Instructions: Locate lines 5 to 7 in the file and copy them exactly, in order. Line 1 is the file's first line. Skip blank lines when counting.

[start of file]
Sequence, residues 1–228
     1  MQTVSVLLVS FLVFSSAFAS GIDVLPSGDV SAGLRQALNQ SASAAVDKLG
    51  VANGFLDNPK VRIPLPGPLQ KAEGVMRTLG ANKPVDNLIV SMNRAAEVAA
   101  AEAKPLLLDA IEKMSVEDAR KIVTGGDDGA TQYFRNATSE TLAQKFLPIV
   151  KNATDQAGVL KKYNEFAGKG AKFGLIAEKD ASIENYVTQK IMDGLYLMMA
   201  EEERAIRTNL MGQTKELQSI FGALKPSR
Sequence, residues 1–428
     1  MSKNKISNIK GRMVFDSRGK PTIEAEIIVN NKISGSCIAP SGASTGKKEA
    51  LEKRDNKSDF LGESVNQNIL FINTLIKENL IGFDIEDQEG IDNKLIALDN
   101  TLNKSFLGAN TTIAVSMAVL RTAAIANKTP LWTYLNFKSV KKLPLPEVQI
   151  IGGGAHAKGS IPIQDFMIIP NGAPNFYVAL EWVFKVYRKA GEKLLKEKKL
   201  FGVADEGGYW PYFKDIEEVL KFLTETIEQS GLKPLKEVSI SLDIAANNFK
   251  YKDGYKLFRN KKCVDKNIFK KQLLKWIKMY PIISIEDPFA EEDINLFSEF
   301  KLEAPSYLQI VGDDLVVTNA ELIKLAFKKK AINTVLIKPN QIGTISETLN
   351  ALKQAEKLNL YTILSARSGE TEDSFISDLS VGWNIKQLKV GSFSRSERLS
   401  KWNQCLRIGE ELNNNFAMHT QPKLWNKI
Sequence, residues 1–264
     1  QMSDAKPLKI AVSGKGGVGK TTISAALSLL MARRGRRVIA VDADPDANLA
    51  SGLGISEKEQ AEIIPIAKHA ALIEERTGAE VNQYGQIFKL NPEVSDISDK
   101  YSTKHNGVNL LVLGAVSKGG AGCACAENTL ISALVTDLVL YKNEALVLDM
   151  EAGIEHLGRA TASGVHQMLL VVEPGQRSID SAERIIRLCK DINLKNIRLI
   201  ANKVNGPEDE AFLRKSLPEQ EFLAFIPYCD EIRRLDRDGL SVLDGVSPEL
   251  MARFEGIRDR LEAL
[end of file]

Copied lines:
   151  KNATDQAGVL KKYNEFAGKG AKFGLIAEKD ASIENYVTQK IMDGLYLMMA
   201  EEERAIRTNL MGQTKELQSI FGALKPSR
Sequence, residues 1–428